Q Series: A series of informative blog posts that explain the building blocks of health care quality and emerging trends in health care delivery reform.
Q Series: What is Primary Care?
We’ve all heard “an apple a day keeps the doctor away,” but how many of us eat an apple every day? And how many of us see our doctor regularly—or even yearly, for primary care?
According to the Institute of Medicine, primary care is:
“The provision of integrated, accessible health care services by clinicians who are accountable for addressing a large majority of personal health care needs, developing a sustained partnership with patients, and practicing in the context of family and community.”
Let’s simplify. The primary care practice is usually our first point of entry into the health care system. For many of us, it begins with our first visit to the pediatrician. During the typical visit, a primary care provider—it could be a family doctor, a nurse practitioner or physician assistant—checks for signs of any underlying health issues or concerns and then treats them.
If you visit a primary care provider because you are sick, they can treat a range of things, from long-term illnesses like diabetes to acute ones like the flu. In some cases, she may refer you to a specialist for more complex issues.
Primary care is not just limited to providing care when you are sick. Your provider can help you concentrate on staying healthy. That includes basic vaccinations to protect you from disease. It could include medication that treats high blood pressure or high cholesterol so they don’t develop into more serious heart disease. It could include basic family planning.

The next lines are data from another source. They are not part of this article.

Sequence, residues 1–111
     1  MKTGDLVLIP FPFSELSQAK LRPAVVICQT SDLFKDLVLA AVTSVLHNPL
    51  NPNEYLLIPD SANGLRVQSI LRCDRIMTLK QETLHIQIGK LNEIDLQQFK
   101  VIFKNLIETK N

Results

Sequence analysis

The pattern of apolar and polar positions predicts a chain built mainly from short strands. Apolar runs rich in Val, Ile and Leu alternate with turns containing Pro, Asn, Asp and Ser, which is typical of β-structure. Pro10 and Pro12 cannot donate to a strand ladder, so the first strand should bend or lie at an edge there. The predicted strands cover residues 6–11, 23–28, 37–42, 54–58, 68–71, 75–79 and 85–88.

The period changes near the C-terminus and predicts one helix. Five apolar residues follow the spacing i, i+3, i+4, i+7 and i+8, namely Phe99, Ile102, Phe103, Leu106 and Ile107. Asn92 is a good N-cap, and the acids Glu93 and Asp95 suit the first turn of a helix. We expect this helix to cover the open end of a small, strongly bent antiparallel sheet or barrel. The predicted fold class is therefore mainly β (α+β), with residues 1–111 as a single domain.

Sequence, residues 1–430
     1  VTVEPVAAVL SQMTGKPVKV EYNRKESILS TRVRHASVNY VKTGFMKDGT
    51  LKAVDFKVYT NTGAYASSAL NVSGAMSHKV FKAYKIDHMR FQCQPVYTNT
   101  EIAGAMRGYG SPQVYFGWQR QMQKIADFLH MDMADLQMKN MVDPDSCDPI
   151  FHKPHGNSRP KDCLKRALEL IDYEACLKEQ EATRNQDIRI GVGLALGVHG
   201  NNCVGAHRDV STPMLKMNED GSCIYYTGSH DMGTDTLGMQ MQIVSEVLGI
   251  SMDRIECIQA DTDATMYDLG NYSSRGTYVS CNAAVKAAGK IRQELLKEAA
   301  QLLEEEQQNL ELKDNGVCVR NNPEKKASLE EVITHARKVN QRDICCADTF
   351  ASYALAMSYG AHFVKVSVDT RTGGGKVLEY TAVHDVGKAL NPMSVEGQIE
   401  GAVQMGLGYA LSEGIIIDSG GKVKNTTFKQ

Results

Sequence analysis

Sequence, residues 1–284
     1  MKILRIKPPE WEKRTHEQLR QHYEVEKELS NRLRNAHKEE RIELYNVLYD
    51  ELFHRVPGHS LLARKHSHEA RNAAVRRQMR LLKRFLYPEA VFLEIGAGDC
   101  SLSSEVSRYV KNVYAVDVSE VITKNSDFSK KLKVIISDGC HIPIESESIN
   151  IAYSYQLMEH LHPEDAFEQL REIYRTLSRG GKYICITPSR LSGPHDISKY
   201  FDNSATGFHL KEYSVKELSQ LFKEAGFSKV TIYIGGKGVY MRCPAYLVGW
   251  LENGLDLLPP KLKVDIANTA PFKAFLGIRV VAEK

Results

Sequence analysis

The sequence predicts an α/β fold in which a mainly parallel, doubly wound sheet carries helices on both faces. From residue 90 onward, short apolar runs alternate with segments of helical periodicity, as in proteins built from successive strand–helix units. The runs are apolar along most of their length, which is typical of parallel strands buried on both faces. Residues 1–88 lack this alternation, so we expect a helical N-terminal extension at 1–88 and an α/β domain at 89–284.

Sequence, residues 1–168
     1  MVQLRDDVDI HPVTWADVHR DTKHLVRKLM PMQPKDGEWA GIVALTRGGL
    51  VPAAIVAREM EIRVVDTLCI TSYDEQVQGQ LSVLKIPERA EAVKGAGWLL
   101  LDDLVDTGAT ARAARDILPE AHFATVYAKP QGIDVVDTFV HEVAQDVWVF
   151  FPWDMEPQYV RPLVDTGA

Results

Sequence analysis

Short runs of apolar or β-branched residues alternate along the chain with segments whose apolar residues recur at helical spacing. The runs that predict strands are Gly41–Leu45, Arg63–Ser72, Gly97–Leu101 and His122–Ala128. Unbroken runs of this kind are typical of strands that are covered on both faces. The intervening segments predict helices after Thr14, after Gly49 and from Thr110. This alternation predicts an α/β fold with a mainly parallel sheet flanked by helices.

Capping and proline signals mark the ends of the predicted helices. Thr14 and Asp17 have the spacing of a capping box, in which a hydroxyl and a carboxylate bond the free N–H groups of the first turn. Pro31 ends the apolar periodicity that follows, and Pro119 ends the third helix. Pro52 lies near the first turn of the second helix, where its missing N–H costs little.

So you see, primary care can be preventive—for people who are healthy and wish to stay that way—and prescriptive, for people who are sick and want to heal. So even if you do eat an apple a day, a visit to your primary care provider may be a better way to take care of your current and future health.
Shireesha Jevaji is the Senior Public Policy and Communications Specialist at NCQA and has been with the organization since 2012. She supports NCQA’s external communications for the consumer audience and public and private stakeholders. She also conducts data analysis for infographic and publication production and measures outreach impact. Shireesha is currently working towards her MPH in Public Health Communication and Marketing at the George Washington University.